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Ambivalent use of functions in both functionnal notation and oo notation would require to instrument all these functins to accept conditionnaly a self parameter. Example of these functions are in the string stdlib:

local str = "foobarfoo"

local substr1 = str:match("foo(.*)foo")
local substr2 = string.match(str, "foo(.*)foo")

Writing such a function in Lua would be add unnecessary complications:

function string.match(s, pattern, init)
    if self then
        init = pattern
        pattern = s
        s = self
    -- Do the actual stuff

And as a final word, if you want a symmetry with other OO languages, you can simply consider that the Lua "." correspond to the C++ "::" operator, and the Lua ":" is the C++ ".".

-----Message d'origine-----
De : [] De la part de Bret Victor
Envoyé : 14 septembre 2006 04:08
À :
Objet : Re: Why a : (colon) operator?

I believe this has been discussed before on the list, but I can't find it...  Here are two problems with dot passing a silent self; there may be others.

The first problem has to do with functions as first-class values.  What looks like method invocation to us:


is semantically a table lookup followed by a function call:

   (object.method) ()

So, that ought to behave identically to this:

   foo = object.method;

as well as this:

   function bar ()  return object.method  end

If method invocation had to pass "object" to "method", the only way all of those forms could behave identically was if "foo" (that is, the value returned by "object.method") was not a naked function reference, but rather a delegate that held both the function and the object it was looked up from.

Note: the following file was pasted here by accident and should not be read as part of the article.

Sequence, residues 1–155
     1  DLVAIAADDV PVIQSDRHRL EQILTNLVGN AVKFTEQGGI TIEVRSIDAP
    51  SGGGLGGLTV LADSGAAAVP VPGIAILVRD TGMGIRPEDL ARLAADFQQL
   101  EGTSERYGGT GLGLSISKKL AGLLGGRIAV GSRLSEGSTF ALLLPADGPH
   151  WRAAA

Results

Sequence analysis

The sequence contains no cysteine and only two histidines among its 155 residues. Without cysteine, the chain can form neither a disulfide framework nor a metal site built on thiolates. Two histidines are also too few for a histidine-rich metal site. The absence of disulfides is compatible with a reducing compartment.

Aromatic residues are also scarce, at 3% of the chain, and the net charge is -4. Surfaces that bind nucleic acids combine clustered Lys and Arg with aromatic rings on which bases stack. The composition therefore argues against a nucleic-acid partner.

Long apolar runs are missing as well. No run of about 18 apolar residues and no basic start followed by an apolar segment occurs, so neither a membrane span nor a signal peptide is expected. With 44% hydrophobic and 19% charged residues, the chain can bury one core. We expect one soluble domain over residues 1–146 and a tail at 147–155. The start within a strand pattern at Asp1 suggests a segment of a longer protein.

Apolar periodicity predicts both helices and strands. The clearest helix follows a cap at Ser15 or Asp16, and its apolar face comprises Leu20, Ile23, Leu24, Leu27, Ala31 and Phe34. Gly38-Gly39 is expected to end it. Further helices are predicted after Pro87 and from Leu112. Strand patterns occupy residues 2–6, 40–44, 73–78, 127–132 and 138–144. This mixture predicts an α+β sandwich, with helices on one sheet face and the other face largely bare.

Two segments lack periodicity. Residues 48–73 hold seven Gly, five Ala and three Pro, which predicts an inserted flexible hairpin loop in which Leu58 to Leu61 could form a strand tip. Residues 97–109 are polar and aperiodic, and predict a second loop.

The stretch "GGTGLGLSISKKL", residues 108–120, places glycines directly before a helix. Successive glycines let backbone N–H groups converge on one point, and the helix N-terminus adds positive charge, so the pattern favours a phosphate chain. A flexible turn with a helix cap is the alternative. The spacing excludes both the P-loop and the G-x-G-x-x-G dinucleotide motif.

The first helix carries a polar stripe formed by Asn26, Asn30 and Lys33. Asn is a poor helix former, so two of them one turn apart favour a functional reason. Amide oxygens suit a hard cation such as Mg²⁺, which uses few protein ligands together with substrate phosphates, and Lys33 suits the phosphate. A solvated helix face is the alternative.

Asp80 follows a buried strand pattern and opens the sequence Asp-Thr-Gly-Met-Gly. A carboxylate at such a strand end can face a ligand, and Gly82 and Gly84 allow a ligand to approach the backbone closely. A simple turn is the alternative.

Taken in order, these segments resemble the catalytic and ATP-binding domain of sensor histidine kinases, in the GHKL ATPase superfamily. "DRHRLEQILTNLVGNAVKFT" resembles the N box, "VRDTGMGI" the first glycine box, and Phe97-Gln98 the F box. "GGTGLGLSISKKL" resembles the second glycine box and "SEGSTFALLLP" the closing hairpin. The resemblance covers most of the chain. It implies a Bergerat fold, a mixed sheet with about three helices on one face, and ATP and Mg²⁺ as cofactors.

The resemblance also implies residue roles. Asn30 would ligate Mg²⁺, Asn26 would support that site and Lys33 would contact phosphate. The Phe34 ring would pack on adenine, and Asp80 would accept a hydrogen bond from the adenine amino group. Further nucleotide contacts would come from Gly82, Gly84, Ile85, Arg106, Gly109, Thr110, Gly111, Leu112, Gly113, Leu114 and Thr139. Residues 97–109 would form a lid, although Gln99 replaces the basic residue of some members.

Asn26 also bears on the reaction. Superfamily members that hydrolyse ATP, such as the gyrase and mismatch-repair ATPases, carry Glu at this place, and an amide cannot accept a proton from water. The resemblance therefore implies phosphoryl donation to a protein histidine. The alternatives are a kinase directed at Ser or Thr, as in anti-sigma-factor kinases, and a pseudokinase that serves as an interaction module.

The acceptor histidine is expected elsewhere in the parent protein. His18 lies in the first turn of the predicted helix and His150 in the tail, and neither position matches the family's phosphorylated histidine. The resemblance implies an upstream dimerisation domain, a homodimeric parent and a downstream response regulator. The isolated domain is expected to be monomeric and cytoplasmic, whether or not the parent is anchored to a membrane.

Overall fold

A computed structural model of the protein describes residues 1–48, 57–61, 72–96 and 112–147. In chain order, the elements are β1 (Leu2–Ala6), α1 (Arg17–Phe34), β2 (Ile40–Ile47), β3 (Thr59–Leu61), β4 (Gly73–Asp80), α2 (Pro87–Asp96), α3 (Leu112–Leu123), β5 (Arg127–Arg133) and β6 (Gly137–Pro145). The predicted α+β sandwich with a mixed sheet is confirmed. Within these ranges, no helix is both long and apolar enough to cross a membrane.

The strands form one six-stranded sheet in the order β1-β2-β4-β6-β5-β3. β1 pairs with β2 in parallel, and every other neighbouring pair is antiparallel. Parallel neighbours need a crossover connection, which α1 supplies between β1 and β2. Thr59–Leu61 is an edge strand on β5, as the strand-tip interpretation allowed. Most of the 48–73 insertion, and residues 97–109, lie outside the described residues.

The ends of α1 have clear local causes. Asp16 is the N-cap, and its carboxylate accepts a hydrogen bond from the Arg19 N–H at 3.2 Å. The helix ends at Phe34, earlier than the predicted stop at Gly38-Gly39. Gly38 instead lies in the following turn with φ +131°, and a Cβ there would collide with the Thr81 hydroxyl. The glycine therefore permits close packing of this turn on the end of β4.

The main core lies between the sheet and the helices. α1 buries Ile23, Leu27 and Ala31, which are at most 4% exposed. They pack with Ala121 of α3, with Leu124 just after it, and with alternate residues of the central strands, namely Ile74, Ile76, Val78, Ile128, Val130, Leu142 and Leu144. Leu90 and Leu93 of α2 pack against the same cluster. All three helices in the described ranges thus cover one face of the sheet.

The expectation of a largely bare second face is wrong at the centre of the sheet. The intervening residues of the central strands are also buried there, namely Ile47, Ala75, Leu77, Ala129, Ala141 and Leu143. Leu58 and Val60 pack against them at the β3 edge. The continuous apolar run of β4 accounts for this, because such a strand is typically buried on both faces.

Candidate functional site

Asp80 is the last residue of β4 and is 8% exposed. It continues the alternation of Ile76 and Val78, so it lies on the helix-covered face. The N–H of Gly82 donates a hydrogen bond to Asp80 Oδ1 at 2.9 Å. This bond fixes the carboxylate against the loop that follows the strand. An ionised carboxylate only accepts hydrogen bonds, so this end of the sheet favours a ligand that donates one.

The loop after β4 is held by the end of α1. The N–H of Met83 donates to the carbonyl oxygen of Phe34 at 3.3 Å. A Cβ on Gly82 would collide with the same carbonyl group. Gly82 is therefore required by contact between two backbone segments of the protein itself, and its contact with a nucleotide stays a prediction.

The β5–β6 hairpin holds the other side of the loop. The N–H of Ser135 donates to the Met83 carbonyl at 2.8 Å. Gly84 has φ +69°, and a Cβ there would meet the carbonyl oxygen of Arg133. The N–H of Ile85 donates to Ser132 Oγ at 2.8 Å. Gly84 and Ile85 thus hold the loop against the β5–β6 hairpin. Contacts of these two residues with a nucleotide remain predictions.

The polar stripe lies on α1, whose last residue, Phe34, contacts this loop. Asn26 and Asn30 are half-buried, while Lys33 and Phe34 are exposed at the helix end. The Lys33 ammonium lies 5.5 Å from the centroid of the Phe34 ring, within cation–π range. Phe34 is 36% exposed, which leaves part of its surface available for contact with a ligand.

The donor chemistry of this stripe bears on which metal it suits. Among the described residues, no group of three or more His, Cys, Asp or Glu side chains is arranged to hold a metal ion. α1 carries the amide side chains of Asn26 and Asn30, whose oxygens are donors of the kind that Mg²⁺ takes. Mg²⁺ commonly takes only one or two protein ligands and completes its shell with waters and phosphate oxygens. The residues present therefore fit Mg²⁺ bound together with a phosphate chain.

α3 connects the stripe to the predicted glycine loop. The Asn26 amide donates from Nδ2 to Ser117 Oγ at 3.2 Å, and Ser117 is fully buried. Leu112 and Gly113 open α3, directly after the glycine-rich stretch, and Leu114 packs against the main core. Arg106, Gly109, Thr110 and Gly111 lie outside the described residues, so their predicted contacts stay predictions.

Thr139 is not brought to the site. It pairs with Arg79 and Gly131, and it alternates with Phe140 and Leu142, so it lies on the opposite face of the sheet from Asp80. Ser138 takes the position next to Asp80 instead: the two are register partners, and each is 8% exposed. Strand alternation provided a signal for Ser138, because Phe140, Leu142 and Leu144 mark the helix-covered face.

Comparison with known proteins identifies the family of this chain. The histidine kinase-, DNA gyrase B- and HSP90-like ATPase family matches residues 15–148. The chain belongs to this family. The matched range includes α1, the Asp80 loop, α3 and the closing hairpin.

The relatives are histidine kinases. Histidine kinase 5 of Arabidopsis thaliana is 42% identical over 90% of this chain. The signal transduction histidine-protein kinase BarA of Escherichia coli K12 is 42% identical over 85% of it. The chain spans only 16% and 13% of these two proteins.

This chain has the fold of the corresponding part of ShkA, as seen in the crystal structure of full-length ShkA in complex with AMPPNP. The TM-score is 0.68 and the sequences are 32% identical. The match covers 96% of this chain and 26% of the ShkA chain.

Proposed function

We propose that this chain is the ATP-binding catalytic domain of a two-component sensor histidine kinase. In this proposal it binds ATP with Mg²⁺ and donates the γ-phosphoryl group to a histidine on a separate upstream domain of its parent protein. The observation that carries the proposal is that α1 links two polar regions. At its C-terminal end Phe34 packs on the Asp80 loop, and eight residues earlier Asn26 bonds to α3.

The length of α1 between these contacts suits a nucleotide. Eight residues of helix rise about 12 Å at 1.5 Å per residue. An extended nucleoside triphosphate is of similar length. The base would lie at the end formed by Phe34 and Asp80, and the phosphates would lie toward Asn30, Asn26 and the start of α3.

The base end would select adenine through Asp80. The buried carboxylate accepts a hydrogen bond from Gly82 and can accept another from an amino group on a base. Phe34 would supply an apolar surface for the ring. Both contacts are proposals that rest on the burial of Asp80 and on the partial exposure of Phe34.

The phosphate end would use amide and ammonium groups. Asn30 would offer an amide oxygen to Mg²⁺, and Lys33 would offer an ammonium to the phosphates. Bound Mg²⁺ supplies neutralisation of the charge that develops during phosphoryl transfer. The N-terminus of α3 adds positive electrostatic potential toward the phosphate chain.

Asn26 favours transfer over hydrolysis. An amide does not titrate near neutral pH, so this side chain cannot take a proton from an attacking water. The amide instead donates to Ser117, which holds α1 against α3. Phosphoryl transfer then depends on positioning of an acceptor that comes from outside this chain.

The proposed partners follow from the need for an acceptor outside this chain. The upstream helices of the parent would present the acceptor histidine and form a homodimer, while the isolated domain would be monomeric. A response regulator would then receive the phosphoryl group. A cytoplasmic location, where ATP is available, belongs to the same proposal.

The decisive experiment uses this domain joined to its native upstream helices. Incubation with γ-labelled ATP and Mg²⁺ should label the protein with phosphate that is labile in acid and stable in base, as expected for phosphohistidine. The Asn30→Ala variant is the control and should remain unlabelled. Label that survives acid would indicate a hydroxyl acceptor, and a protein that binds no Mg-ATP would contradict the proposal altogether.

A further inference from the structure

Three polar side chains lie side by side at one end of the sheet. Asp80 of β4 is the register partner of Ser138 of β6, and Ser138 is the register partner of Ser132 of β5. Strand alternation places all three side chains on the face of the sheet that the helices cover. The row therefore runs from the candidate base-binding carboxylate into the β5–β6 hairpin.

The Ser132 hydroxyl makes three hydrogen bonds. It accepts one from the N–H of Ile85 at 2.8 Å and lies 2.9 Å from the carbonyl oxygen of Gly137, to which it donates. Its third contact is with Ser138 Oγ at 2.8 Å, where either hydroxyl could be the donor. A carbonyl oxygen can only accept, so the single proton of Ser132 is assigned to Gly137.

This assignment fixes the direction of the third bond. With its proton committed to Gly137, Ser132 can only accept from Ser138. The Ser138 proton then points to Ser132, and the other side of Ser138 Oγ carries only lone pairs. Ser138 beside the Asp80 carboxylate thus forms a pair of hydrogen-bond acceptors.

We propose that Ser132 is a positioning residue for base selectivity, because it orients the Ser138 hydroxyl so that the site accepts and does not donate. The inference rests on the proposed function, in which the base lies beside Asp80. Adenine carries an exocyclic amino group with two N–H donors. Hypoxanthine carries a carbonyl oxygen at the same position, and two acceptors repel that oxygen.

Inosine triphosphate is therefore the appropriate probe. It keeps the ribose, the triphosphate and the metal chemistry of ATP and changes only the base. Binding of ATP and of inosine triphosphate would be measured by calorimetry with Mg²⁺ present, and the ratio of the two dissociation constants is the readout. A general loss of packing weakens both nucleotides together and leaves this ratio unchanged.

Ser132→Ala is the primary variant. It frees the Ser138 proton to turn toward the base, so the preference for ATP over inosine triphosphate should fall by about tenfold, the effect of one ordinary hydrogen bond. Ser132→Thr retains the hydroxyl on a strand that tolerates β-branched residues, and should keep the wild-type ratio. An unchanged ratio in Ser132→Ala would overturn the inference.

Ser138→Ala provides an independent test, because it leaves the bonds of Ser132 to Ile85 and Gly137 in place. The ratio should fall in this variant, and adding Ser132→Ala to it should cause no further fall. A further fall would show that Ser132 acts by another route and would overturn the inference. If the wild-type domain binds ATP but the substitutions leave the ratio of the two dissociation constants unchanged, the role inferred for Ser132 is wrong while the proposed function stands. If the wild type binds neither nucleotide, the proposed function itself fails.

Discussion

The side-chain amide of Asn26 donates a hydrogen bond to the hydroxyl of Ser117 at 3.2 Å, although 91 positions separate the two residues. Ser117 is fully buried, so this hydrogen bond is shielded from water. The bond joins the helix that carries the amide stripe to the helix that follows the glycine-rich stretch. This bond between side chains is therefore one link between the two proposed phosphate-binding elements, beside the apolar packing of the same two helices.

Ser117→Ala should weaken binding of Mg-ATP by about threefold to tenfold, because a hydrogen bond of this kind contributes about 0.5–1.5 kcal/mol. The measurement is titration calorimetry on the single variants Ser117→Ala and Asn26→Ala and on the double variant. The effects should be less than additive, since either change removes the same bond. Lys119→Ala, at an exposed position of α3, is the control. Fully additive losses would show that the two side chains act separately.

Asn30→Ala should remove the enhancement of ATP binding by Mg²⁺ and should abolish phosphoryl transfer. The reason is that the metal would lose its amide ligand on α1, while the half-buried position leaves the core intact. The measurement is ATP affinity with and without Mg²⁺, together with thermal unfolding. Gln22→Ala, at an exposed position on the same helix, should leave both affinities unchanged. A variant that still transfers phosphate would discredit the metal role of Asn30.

Which might be kind of interesting, actually.  But you would get into issues of how the == operator should work for these delegates (should two function values compare inequal because they were looked up from different tables?  Or should they compare equal but cause different behavior?) and possibly a bunch of other issues.

A second problem can be seen in Javascript.
Javascript does something similar to what you describe.  A hidden variable "this" is set to the method's object, or undefined if the function is called solo.  Because "this" doesn't behave like a normal (visibly-declared) lexically-scoped variable, there can be Great Unpleasantness when mixing OO and  functional programming:

  object = { x:1, y:2 };
  assert( object.getSum() == 3 );

  // INCORRECT, because "this" is undefined within getX()
  object.getSum = function () {
     function getX () { return this.x }
     function getY () { return this.y }
     return getX() + getY();

  // Correct, but sort of defeats the whole purpose.
  object.getSum = function () {
     var self = this;
     function getX () { return self.x }
     function getY () { return self.y }
     return getX() + getY();

This is, of course, much more insideous when the functions are more complicated.

The problem doesn't happen In Lua because the declaration of "self" is explicitly specified by the colon:

   function object:getSum ()   -- colon declares "self"
        function getX ()  return self.x  end
        function getY ()  return self.y  end
        return getX() + getY();

getX() correctly inherits "self" from getSum() because getX() has no colon near it.